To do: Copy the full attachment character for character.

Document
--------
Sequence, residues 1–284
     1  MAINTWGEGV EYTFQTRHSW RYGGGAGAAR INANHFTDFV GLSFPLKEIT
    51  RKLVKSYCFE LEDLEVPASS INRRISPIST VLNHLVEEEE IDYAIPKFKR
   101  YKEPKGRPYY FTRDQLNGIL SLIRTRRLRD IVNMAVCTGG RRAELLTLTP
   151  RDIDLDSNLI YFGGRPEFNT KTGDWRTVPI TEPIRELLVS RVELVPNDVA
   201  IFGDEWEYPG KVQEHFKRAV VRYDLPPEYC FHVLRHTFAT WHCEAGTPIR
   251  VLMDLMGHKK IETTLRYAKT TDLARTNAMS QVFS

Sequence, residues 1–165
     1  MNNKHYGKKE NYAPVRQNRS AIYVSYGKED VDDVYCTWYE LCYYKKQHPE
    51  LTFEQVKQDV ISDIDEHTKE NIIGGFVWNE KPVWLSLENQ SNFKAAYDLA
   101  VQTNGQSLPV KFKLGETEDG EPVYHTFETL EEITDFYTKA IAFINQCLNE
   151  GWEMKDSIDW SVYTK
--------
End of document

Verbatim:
Sequence, residues 1–284
     1  MAINTWGEGV EYTFQTRHSW RYGGGAGAAR INANHFTDFV GLSFPLKEIT
    51  RKLVKSYCFE LEDLEVPASS INRRISPIST VLNHLVEEEE IDYAIPKFKR
   101  YKEPKGRPYY FTRDQLNGIL SLIRTRRLRD IVNMAVCTGG RRAELLTLTP
   151  RDIDLDSNLI YFGGRPEFNT KTGDWRTVPI TEPIRELLVS RVELVPNDVA
   201  IFGDEWEYPG KVQEHFKRAV VRYDLPPEYC FHVLRHTFAT WHCEAGTPIR
   251  VLMDLMGHKK IETTLRYAKT TDLARTNAMS QVFS

Sequence, residues 1–165
     1  MNNKHYGKKE NYAPVRQNRS AIYVSYGKED VDDVYCTWYE LCYYKKQHPE
    51  LTFEQVKQDV ISDIDEHTKE NIIGGFVWNE KPVWLSLENQ SNFKAAYDLA
   101  VQTNGQSLPV KFKLGETEDG EPVYHTFETL EEITDFYTKA IAFINQCLNE
   151  GWEMKDSIDW SVYTK